SA govt eyes blockchain to link eConveyancing systems

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SA govt eyes blockchain to link eConveyancing systems

As new operators end PEXA's monopoly.

The South Australian government is looking at how distributed ledger technology might be used to allow the systems of different Electronic Lodgement Network Operators (ELNOs) to talk when completing eConveyancing transactions.

The Department of Planning, Transport and Infrastructure (DPTI) has put out the call for information to understand the “feasibility” of the technology to address future interoperability issues that will arise after new ELNOs enter the state.

It wants to find a solution that will allow eConveyancing transactions to be completed using different electronic lodgement network (ELN) systems, which are used for the “preparation and lodgement of land title dealings ... as well as settle the associate financial transfer of funds”.

“DLT would support ELNs to process a dealing (or set of dealings) and allow subscribers to use common credentials to systems in the electronic conveyancing ecosystem,” the department said in its request for information.

While Property Exchange Australia (PEXA) is the only ELNO currently operating in SA, two new providers Purcell Partners and Sympli Australia have been assessed by the Australian Registrars National Electronic Conveyancing Council.

Both operators are currently in the process of negotiating with each state and territory registrar for approval, with Sympli currently looking to go live in SA during Quarter 4.

However, the entry of new operators creates problems for all states and territories that use ELNOs, as currently “all parties to a multi-party dealing must interact in the same ELNO” to complete transactions.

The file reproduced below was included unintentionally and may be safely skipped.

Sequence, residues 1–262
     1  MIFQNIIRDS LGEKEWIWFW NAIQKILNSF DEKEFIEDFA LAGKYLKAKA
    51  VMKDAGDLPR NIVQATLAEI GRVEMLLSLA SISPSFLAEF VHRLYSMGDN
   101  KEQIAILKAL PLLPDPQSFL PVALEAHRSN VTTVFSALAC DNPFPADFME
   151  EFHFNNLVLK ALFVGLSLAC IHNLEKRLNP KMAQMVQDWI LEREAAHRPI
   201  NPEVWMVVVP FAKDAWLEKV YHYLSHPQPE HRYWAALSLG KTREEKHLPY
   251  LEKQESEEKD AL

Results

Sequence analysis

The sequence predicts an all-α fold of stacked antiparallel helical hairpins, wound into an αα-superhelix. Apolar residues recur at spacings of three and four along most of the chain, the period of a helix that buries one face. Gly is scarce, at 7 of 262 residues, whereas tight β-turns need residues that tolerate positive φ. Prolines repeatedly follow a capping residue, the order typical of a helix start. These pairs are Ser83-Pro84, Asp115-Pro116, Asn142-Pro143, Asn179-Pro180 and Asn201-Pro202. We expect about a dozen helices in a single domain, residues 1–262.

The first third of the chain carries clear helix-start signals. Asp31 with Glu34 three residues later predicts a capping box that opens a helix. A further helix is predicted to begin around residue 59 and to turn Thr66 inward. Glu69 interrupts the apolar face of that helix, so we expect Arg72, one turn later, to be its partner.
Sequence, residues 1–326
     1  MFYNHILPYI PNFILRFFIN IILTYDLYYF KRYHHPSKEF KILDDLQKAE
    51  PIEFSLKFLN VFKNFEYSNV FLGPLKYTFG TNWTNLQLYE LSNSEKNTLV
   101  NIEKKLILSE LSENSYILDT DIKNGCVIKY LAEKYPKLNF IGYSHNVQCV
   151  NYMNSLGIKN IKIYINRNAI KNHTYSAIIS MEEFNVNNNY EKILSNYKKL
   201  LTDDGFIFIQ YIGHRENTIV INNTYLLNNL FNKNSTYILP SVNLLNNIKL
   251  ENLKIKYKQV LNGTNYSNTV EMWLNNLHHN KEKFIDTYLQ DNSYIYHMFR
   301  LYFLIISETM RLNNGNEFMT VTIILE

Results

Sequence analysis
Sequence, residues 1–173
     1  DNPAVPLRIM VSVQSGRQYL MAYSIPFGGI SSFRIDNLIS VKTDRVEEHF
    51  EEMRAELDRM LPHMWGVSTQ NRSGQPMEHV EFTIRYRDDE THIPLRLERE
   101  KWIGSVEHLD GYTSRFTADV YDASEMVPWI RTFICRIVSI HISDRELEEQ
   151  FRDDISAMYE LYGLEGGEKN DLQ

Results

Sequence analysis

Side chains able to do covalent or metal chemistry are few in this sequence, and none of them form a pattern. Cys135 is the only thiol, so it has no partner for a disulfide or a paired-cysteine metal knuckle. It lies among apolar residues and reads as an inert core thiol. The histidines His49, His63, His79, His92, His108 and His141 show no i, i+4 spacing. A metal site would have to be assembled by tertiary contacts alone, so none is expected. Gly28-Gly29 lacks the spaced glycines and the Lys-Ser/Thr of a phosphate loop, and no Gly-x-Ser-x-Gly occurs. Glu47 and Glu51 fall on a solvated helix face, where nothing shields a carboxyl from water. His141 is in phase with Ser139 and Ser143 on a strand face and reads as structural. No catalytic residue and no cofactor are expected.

“Barriers exist to allowing a vendor's conveyancer and the purchaser's conveyancer to use different ELNO systems to complete a dealing. They do not, in essence, interoperate with each other,” the department said.

“This challenge exists in all States and Territories that use ELNOs and, due to the transition in South Australia towards electronic conveyancing pressure is mounting to solve the issues surrounding interoperability.”

DPTI said initial research had suggested that “a DLT based approach could provide a solution to the issues of multi ELNO interoperability”.

“The project seeks to explore the potential to build a solution in South Australia that could be used nationally.

“This work aligns with the current interest in DLT and provides a problem on which to collaborate.”

With a burgeoning local blockchain industry, the government is keen to work with “locally-based businesses to test the viability of a solution”, but will also consider submission from out-of-state entities.

The department is planning to hold a DLT Industry Forum next month.

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